The judge’s statement further noted that the prosecution failed to dispute the evaluator’s report and failed to present any evidence of the ongoing nature of the incest, as charged in the two dismissed counts. The statement quoted from letters submitted by the victim’s mother and grandmother, supporting the perpetrator’s release and participation in the community treatment program, and noted that the defendant had the support of the community and his church. Nothing in the statement indicated that the judge had even considered the best interests of the child in imposing sentence on her abuser.

According to reports, nobody spoke on the 12-year-old girl’s behalf at sentencing – not her family members, who chose to support her rapist instead; not the prosecutor, who expressed his dissatisfaction with the sentence after-the fact but failed to contest the report or produce evidence of aggravating circumstances, i.e., the father’s serial rapes of his young daughter — that could have influenced the court’s sentence; and not the victim advocate, even though the prosecutor’s office in that district has a special child advocate to work with child victims of crime. There is no indication that a victim impact statement was even filed with the court. Inexplicably, the judge held the girl’s involuntary silence against her.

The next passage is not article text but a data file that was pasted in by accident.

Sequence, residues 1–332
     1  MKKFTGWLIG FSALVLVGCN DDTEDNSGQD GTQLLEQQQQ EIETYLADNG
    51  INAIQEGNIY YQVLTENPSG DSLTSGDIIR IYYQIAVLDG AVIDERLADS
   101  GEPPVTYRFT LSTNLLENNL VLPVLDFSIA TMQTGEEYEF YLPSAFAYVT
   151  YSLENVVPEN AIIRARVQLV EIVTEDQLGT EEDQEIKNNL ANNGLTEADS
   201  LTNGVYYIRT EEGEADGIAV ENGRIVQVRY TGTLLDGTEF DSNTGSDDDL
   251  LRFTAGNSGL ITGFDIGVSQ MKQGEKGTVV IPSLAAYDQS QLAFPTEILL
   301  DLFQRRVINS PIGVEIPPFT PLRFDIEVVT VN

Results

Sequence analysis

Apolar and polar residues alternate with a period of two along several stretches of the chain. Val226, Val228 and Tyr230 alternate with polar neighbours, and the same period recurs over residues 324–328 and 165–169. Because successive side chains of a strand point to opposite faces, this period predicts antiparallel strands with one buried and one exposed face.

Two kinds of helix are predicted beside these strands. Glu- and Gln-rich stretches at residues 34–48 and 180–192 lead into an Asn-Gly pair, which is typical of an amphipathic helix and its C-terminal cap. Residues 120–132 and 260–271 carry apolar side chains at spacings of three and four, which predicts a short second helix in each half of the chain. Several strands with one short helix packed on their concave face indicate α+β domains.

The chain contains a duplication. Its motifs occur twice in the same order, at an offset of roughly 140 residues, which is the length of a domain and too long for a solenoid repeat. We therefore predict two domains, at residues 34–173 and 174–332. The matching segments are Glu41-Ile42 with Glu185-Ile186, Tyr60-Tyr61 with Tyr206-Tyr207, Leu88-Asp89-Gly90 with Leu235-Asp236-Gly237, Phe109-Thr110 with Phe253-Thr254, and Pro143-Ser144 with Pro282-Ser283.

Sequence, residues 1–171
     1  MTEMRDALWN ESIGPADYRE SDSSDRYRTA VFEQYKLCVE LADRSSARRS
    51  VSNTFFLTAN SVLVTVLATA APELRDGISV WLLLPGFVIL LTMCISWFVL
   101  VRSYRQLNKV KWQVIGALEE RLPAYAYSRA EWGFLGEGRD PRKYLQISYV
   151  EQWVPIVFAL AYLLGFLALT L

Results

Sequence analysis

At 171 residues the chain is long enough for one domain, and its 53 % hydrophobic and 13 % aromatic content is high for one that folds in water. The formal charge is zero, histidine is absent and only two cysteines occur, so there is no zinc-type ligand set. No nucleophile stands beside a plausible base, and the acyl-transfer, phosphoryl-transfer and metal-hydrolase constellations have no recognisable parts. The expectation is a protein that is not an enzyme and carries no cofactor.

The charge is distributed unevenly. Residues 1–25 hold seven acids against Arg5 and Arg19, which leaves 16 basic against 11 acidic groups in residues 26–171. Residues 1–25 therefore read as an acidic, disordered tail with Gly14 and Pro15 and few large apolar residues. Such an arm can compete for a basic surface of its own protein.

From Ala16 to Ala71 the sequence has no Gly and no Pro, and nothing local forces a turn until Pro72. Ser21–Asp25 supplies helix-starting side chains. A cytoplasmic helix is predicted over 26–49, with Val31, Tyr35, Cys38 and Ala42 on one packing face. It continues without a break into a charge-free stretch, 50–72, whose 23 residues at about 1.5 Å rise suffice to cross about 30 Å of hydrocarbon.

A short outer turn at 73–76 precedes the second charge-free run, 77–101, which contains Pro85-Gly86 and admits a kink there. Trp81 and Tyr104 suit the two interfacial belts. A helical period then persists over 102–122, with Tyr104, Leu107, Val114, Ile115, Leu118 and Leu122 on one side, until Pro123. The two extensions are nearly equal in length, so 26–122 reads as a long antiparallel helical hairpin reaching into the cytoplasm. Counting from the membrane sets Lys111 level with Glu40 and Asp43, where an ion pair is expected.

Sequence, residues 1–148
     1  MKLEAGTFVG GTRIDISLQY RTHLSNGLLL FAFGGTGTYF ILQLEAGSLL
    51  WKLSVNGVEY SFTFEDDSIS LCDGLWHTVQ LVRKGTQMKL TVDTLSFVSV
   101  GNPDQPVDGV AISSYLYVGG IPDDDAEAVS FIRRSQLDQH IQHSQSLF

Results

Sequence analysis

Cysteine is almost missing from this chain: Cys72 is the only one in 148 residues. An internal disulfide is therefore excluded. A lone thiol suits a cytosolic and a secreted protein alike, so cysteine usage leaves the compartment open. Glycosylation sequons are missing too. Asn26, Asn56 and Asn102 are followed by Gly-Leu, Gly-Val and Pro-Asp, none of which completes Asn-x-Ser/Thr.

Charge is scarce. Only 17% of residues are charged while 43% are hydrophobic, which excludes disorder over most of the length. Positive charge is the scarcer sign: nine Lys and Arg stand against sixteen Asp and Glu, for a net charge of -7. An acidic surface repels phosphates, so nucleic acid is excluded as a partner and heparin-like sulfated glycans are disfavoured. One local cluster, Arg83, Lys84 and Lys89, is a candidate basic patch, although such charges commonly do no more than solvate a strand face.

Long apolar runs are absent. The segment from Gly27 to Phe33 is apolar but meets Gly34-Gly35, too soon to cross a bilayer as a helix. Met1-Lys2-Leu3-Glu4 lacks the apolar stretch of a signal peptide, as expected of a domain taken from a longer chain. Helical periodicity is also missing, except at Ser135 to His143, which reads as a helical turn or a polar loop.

Someone should have told the judge that child victims of incest suffer from severe trauma that results in significant loss of trust in others, confusion about familial relationships, and a unique hurt from having been betrayed by someone who had a fundamental obligation and duty to protect and nurture them. The judge should have known that when a family supports the perpetrator over the incest victim, the child suffers from retraumatization as a result of her family’s rejection. The court should have understood that child sexual abuse survivors experience higher levels of depression, guilt, shame, self-blame, anxiety, suicidality, sexual and relationship problems. But no one came forward to speak for the child. How utterly alone she must have felt. We must all feel ashamed by, and angry at, a judicial system that would treat a child victim of a heinous crime so unfairly and dismissively.

Incredibly, the judge wrote that while the sentence imposed may not be “popular,” it is “just and proper.” No, Judge McKeon, your sentence was grossly unjust and improper. Your decision, like similar systemic decisions that impact negatively on child sexual assault victims who seek to hold their abusers accountable under the law, elevated the interests of the perpetrator and ignored those of the victim. Such decisions cannot be allowed to stand.  

In the face of such an injustice, we cannot remain silent. We must raise our voices and speak on behalf of the children. We must continue to protest loudly until the legal system is reformed into one that honors and respects the rights of child sex abuse survivors. Then and only then will victims like the little girl in Montana find their own voices. Only then, will justice finally prevail.

Neil Jaffee 

Legal Counsel, Vertigo Charitable Foundation, LLC